Wood: There was a lot to like from the talented Englishman. He’s got a good motor and constantly pressures opponents. His wrestling game is underrated as he was able to neutralize Andre Ewell. It wouldn’t surprise me at all if at some point he is ranked in this weight class. Upgraded from C- to C

Ryan Hall vs. BJ Penn

Hall: His style is very frustrating to watch as he has next to no striking game, however if he’s able to grab onto a leg he becomes an all-world fighter capable of submitting instantly. The instant submission happened in this bout as he became the first fighter ever to submit BJ Penn. Grade remains C-

Penn: This was the first match up in years in which Penn had an opportunity at the victory if he could avoid the submission scrambles with his opponent. Penn looked good in the first couple minutes, but the first chance his opponent had to grab a leg and attempt a heel hook, he did and it was all over. He’s now lost six straight fights in the UFC and its hard to see the UFC giving him another one. Downgraded from D- to F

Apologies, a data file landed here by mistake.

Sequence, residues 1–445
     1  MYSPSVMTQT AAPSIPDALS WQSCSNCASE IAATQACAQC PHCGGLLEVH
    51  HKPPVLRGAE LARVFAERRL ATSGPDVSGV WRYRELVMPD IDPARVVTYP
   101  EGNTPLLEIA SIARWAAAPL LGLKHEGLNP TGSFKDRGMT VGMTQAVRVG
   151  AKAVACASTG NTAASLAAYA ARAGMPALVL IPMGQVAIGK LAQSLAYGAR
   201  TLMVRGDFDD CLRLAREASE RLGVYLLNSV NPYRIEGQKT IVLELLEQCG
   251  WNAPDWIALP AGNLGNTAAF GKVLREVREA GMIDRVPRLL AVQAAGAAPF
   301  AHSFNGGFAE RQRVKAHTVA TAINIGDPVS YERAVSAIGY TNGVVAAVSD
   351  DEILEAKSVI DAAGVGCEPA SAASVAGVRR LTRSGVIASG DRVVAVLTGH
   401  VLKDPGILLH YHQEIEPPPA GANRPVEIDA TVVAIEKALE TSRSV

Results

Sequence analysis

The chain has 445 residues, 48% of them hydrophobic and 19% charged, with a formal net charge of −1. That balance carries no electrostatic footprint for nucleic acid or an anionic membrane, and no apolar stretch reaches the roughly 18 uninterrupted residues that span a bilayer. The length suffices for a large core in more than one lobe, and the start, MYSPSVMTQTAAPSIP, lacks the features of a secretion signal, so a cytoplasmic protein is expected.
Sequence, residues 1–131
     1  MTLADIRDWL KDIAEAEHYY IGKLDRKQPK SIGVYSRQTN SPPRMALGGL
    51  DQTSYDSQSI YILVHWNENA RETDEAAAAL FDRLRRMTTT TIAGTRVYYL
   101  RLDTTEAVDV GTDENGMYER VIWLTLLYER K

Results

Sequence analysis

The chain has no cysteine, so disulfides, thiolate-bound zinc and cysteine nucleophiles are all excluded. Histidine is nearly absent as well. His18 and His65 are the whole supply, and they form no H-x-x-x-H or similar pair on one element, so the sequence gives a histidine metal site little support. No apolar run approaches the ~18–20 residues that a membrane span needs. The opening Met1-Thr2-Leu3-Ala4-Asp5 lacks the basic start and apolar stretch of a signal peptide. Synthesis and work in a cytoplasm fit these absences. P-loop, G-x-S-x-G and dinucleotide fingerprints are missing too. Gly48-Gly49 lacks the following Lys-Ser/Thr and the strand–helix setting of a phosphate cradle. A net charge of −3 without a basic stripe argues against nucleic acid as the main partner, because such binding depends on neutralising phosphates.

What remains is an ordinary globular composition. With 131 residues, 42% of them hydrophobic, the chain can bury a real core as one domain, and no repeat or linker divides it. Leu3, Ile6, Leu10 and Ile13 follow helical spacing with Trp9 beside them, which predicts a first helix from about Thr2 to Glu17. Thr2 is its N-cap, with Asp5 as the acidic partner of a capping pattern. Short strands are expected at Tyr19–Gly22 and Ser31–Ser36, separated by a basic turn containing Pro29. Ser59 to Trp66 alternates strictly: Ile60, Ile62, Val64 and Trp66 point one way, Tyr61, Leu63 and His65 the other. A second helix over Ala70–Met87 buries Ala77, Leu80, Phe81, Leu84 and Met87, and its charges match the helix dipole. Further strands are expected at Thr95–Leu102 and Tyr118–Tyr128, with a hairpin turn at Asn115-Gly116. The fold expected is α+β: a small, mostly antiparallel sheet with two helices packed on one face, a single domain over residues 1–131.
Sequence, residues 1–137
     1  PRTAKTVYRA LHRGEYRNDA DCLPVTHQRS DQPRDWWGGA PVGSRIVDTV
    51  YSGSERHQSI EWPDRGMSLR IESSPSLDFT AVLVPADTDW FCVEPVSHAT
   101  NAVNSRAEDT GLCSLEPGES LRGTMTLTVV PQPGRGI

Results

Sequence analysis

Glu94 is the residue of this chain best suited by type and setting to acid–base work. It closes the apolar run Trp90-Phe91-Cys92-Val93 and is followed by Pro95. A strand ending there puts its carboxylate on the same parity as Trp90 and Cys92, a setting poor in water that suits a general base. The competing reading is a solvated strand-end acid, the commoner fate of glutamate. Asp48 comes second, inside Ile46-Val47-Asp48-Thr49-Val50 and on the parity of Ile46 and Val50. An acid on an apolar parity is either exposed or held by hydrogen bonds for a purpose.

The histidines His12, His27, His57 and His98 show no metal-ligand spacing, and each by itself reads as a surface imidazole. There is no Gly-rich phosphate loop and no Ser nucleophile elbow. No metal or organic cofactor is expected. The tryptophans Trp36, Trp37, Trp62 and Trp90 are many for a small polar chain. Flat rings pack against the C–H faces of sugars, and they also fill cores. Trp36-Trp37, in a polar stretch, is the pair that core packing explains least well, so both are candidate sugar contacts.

Douglas Silva de Andrade vs. Petr Yan

Andrade: This was a bad matchup for the Brazilian fighter as he just wasn’t able to keep up with the volume and the striking variety of his opponent. On the ground he took some vicious elbows in the second round and it was for the best that he wasn’t allowed to start the third round to prevent even more damage. Downgraded from C+ to C

Yan: There’s a lot of potential in the Russian bantamweight and it was on all full display at UFC 232. He nearly tripled up strikes landed, showed some vicious elbows, and even proved a capable grappler. It was one of the top performances of the night. Yan deserves to be ranked in the top 15 after this win and worthy of another step up in competition. Upgraded from B- to B